Essay On Country Music

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Country music begins back in the 1800s. Individuals would play instruments such as fiddles, banjos, and guitars on their porches after a days worth of work. Back then technology such as radios and televisions was not even a thought. Therefore, country music was one of the first genres of modern American popular music, and old-time music was its earliest style. It developed in the southern states of the United States as a mix of folk music from the British Isles, church music and African American blues.
Old time music was first recorded in the 1920s. The Carter family became the most popular. A. P. Carter gathered folk songs and also composed new songs and he sang them in harmony with his guitar playing sister-in-laws, Maybelle and his wife,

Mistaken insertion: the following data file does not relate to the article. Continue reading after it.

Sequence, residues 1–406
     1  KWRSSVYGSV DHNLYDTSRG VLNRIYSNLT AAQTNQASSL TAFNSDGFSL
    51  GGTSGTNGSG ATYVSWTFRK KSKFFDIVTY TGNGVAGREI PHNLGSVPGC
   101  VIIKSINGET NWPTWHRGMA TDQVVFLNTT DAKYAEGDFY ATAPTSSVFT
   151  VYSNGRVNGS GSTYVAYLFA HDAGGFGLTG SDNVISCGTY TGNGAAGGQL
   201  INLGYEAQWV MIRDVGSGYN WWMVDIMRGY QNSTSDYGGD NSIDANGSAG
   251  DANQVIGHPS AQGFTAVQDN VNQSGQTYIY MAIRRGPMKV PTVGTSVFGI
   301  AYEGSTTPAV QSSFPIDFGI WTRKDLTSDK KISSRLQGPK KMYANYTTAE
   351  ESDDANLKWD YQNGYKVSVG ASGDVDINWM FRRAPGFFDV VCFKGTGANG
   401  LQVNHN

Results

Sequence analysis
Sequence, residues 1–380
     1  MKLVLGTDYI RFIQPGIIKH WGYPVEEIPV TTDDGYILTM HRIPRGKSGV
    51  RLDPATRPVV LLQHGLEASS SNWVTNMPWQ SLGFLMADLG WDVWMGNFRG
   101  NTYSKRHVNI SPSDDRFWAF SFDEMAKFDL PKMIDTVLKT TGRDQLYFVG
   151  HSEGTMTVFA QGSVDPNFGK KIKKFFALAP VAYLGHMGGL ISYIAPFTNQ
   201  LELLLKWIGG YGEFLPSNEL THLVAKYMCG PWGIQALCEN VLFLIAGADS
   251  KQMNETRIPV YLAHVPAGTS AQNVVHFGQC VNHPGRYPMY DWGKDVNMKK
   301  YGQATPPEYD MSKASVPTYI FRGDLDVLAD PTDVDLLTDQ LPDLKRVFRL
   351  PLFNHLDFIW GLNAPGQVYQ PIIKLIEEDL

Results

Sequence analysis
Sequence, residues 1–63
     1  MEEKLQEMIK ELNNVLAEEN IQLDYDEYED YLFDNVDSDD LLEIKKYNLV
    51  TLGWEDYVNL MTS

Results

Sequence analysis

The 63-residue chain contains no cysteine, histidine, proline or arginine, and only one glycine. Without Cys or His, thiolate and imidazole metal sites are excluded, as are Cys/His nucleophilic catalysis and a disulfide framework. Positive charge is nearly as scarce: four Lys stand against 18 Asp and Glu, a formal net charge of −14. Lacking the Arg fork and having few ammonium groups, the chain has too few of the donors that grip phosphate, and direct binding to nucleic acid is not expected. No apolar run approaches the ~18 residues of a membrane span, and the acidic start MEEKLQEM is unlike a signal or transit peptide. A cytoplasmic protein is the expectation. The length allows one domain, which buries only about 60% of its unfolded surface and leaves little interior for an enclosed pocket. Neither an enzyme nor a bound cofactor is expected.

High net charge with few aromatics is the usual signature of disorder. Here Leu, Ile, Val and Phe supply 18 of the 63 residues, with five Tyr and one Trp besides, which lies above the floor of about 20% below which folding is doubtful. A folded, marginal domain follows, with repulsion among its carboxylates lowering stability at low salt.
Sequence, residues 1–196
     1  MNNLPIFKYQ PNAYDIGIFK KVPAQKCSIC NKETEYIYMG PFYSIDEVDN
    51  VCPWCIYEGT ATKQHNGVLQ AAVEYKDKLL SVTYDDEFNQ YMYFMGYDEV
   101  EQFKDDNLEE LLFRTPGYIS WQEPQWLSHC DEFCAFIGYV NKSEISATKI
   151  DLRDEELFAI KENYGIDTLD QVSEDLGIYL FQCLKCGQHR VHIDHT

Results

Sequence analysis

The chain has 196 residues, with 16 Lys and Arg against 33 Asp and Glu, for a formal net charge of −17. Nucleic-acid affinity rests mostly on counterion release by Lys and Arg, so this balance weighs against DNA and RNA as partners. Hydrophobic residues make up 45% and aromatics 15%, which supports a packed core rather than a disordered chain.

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Therefore, they created a new style of music that would appeal to white adults who didn’t prefer rock and roll or country. They found singers with smooth voices and had them sing sweet ballads over orchestral strings and choirs. Surprisingly, the plan worked and sales of records from Nashville companies soon began to increase. In the mid-60s another style called country rock emerged. Gram Parsons was known for adding the rock and roll piano, rock guitar and elements of folk rock to his band’s country music sound. Bob Dylan also began mixing elements of country music into his folk rock sound. He recorded his first real country rock album in 1969 called Nashville Skyline with country musician Johnny Cash. Country pop was also developed in the 60s. Former rockabilly singer Roy Orbison began creating some of the best pop records ever made by a country-music artist. His voice was one of the most emotional and powerful of all popular music and he had a major influence on many later artists. A few well-known pop country artists from the present day are Carrie Underwood, Luke Bryan, Tim McGraw, Thomas Rhett, and Miranda Lambert. My personal favorite is Thomas
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